Covid appeal moves from Peterborough to Cambridge and now to Huntingdon  

Former Wisbech mayor Cllr Aigars Balsevics

Former Wisbech mayor Cllr Aigars Balsevics was not at Cambridge magistrates court today where a case involving his pub, the Angel, was switched anyway to Huntingdon next month. - Credit: Terry Harris/Dan Mason

Former Wisbech mayor Aigars Balsevics - facing possibly disqualification from running one of his pubs over Covid breaches -has been given a further stay of execution.  

His appeal against the findings of a licencing panel of Fenland Council began before a Peterborough court in September. 

It moved – inexplicably - today to Cambridge before magistrates there packed it off to Huntingdon Law Courts next month.

Fenland Council licensing manager Michelle Bishop and the council’s legal representative Leo Charalambides looked perplexed as to why it was even listed in Cambridge.  

Peterborough magistrates spent a day hearing the appeal before announcing they would spend time reviewing the evidence before announcing a verdict.  


You may also want to watch:


Mr Charalambides said he had only been notified last night of the Cambridge hearing – neither Cllr Balsevics or his legal representative David Dadds were present.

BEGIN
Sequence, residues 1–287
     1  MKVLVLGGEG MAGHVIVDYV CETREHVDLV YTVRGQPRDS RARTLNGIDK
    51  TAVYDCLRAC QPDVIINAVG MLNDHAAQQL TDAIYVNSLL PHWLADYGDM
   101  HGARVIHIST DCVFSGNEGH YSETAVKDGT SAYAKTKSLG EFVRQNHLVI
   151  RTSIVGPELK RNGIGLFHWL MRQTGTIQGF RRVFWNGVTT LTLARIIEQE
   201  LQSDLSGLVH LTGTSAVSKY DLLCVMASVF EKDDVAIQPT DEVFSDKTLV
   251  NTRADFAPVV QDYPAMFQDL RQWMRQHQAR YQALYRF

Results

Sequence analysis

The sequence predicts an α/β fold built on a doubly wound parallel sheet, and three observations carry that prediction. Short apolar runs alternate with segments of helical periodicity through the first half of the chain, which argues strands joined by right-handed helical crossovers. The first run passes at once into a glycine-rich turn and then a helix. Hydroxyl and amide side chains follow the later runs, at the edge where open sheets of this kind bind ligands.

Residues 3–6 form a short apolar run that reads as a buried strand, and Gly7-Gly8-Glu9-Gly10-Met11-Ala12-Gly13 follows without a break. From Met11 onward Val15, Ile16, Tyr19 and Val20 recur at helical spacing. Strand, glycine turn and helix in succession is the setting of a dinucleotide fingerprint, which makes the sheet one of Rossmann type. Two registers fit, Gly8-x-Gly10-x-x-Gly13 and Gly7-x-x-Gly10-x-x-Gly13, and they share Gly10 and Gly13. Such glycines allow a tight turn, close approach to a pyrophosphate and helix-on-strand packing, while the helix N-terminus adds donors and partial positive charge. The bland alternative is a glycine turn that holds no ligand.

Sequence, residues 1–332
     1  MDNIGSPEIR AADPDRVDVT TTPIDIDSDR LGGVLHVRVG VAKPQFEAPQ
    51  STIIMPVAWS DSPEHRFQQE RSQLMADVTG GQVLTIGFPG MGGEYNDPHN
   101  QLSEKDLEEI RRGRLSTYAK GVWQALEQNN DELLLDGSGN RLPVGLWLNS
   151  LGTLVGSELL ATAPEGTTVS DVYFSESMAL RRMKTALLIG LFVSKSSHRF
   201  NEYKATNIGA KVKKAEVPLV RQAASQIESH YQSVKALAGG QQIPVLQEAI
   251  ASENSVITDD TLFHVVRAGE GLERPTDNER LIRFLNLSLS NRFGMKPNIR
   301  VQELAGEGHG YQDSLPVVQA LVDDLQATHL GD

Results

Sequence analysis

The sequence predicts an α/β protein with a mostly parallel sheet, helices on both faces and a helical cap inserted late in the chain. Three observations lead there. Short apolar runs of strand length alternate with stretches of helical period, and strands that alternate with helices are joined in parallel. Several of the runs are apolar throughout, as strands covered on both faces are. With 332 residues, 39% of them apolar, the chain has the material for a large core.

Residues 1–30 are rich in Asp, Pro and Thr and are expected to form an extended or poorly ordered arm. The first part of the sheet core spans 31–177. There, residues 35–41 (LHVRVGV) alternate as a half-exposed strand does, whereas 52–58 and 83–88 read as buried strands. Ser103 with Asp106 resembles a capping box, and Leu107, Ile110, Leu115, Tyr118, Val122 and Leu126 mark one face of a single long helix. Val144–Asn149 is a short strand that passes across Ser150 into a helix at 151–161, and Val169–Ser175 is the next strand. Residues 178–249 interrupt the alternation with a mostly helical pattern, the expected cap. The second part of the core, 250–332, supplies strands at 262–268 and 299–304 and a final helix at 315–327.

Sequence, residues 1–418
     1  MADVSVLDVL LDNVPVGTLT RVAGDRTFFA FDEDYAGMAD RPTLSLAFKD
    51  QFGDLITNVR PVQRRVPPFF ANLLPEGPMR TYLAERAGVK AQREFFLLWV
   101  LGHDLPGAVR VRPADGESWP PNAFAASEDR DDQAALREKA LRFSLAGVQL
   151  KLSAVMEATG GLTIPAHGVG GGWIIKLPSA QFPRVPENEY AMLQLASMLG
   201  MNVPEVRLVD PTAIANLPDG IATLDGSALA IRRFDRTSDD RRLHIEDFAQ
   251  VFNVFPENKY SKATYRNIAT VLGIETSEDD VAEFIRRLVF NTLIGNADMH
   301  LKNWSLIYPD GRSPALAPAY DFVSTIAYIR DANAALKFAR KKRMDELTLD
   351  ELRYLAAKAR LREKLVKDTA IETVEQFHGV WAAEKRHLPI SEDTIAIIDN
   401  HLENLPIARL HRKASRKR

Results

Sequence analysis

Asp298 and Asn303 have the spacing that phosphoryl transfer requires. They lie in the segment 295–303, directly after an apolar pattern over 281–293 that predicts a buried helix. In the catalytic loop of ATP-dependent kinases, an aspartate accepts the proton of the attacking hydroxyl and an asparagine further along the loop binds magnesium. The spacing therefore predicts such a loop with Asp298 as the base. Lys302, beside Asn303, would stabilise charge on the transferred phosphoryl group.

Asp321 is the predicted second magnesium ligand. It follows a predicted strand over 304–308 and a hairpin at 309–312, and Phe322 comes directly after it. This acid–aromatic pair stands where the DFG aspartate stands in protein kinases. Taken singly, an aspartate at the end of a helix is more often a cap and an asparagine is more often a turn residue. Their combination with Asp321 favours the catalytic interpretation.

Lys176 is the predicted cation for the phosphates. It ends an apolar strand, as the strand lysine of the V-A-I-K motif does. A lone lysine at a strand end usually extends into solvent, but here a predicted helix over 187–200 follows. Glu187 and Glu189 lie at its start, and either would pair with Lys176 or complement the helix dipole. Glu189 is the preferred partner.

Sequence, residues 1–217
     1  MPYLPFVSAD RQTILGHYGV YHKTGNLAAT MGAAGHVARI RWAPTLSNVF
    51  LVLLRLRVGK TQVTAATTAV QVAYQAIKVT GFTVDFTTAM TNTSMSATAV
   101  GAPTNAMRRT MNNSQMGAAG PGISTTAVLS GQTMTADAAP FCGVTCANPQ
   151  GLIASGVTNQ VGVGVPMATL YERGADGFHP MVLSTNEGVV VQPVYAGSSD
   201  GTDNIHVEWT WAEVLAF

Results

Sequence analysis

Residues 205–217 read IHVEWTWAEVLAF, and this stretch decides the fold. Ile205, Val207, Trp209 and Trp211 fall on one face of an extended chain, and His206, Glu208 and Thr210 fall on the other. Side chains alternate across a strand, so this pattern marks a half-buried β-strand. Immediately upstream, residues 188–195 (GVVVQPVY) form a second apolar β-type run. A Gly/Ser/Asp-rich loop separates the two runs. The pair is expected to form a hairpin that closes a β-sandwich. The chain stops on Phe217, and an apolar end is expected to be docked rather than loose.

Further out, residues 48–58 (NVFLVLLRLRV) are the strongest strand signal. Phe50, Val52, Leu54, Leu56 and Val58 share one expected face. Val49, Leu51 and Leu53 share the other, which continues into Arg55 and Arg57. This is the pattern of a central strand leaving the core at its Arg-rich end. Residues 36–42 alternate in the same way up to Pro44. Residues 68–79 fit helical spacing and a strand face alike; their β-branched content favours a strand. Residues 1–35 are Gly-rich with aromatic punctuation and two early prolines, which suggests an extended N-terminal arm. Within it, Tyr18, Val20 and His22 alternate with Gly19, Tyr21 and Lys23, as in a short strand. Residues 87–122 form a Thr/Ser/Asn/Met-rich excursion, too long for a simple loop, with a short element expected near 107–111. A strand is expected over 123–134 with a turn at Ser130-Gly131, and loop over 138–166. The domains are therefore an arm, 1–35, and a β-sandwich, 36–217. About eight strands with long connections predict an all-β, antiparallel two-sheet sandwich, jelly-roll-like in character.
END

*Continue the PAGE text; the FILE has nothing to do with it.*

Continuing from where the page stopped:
Cllr Balsevics has appealed a decision of the Fenland District Council licensing committee to remove him as designated premises supervisor for the Angel.  

Most Read

At the appeal hearing in Peterborough Cllr Balsevics revealed he had paid a £1,000 Covid fine for serving drinks at the Angel after the 10pm Christmas Eve curfew.  

But he also said that allegations about multiple Covid breaches made by Fenland Council were never subject to a formal police interview. 

Cllr Balsevics refuted a suggestion he lost control of his customers. 

He said: “We were doing our best. I did not lose control.”  

Magistrates saw footage from inside the public house on Christmas Eve. 

Mr Charalambides said the alleged breaches had highlighted failings in Cllr Balsevics, his staff and customers, something Cllr Balsevics disagreed with.  

Mr Dadds, who previously described the hearing as a “sledgehammer to crack a nut”, said it was “very difficult” to fully understand what happened.  

“There is a saying where you throw enough mud and hope some sticks, and I’m concerned mud throwing has taken place,” he said.  

“The police have dealt with the matter by way of a fixed penalty notice, and looking forwards, the licensing objectives will be met.” 

Mr Dadds added that a three-month suspension placed on Cllr Balsevics was “disproportionate” and that removal of managerial responsibility would “not be acceptable”.  


Become a Supporter

This newspaper has been a central part of community life for many years. Our industry faces testing times, which is why we're asking for your support. Every contribution will help us continue to produce local journalism that makes a measurable difference to our community.

Become a Supporter